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I have a cell array, x, and each row of which is a string array. For instance,

>>ab = x{2};
>>ab
ans =
  910        Flow’S Equation

Clearly, this string has a pattern: a numerical value and a text string are separated by some empty spaces. With respect to this example, when I type

>> ab(2)
  ans =
    1
>> ab(3)
  ans =
    0
>> ab(6)
  ans =
    F

In my code, I need automatically check the starting position of text string, which is the one for "F" and the end position of numerical value, which is the one for "0". I use

>> x = strfind(ab, ' ');

For this example, I expect it give me the positions of "space" as

4 5 12

In stead, it just gives me 12 without outputing 4 and 5

I think the problem is that the fourth and fifth entries of ab are not "space", How can I know what are they? When I type

>> ab(4)
 ans =

The output is nothing, just like what "space" is?

share|improve this question
up vote 2 down vote accepted

To find out what char ab(4) is, convert the char to numerical form by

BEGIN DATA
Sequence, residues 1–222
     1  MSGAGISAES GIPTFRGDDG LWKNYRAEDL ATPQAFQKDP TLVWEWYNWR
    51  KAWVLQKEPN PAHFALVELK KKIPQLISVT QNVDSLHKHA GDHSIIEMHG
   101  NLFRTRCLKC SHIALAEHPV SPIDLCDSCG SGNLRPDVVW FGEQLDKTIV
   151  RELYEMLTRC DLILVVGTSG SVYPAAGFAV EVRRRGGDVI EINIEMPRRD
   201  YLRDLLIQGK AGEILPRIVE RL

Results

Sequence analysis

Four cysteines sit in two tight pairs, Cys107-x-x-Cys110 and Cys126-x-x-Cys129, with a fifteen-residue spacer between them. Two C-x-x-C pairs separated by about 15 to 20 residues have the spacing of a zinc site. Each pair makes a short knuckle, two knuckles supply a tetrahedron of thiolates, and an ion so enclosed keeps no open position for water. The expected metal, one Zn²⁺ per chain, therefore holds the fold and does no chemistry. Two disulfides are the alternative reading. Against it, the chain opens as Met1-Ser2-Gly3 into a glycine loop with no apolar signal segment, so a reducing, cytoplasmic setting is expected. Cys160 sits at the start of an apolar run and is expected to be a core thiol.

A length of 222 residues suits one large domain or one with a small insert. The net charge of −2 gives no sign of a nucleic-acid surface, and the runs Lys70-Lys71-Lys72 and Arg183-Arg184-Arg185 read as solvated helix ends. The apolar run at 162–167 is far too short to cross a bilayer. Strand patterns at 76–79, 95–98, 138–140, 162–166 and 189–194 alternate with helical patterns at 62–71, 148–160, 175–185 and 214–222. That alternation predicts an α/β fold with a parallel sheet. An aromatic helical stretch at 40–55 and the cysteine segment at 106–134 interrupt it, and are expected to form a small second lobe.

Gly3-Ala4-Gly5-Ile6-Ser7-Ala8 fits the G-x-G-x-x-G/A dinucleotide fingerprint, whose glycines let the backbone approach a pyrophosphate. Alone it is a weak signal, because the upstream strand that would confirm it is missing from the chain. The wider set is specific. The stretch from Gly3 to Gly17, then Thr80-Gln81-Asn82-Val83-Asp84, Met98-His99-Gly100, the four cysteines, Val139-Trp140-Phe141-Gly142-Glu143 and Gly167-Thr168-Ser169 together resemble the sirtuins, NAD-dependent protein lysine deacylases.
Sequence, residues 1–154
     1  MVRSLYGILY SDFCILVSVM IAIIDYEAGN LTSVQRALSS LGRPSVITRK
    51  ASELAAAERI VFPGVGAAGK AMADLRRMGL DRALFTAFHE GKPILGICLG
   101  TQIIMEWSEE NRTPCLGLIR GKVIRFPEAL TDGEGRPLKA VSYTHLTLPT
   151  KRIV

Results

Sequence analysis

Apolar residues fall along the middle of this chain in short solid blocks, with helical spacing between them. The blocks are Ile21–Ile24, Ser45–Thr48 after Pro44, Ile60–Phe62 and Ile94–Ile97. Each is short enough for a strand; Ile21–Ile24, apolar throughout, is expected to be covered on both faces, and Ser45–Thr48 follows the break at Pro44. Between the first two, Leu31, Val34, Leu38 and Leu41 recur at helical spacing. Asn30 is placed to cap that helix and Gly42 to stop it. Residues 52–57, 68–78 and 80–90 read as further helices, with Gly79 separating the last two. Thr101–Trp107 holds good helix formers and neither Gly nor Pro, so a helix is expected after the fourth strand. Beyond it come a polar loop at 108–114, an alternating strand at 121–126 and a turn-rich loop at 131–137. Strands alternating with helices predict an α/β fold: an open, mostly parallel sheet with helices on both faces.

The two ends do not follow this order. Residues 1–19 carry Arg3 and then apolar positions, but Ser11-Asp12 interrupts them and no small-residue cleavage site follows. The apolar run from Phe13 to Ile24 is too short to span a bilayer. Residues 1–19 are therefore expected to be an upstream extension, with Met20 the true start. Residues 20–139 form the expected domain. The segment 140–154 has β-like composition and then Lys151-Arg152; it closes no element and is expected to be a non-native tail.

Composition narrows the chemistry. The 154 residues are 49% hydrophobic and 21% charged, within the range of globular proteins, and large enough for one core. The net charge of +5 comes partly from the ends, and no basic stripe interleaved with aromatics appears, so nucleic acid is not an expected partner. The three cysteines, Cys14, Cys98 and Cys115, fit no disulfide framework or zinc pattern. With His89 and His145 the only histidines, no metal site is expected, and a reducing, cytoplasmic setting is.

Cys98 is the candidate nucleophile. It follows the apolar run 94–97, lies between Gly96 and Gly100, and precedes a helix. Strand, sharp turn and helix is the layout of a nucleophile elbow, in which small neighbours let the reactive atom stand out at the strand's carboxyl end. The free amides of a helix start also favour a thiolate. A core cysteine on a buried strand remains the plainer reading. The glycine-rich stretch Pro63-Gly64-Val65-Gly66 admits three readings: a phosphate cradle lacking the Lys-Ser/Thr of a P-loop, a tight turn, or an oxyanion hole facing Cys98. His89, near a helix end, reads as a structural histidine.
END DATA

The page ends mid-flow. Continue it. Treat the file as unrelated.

double( ab(4) )

For double(ab(4))=9, it's a TAB. If your string is ASCII, you may want to check ASCII control characters and ASCII printable characters for the mapping.

However, to find the beginning of the text string, using regexp may be a better idea:

string_begin = min( regexp(ab, '[^\d\s]') )

regexp(ab, '[^\d\s]') returns the locations of all characters that are neither numbers nor white spaces, and the minimum of the locations should be where the text begins.

share|improve this answer

Try :

double(ab(4))

It's probably a non-printable ascii character

Another way you can see what is in the variable is

sprintf('[%d]',sprintf('Some\n\r\ttext'))
ans =

[83][111][109][101][10][13][9][116][101][120][116]

or in your case

ans =

sprintf('[%d]', ab );

If you're trying to find words in the string that are separated by a space or tab character you can use:

regexp(x{2},'[\t ]','split') 
share|improve this answer
    
double(ab(4)) returns a value of 9. Is this a special character? I have more than one thousand rows, and each of which has the similar scenario. If this unprintable ascii character always can be transferred to 9, I can write a if-logic to know its position. Otherwise, how can I do? Thanks. – bit-question Nov 8 '11 at 20:17
    
9 is the horizontal tab character. – grantnz Nov 8 '11 at 20:32
    
Do you need the position of the strings or the strings themselves? It's somewhat a workaround, but you could use C=textscan(x{index},'%d\t%s'); to scan the number and other string into a cell array C, which you already seem to know how to work with. – AlwaysWrong Nov 8 '11 at 20:33

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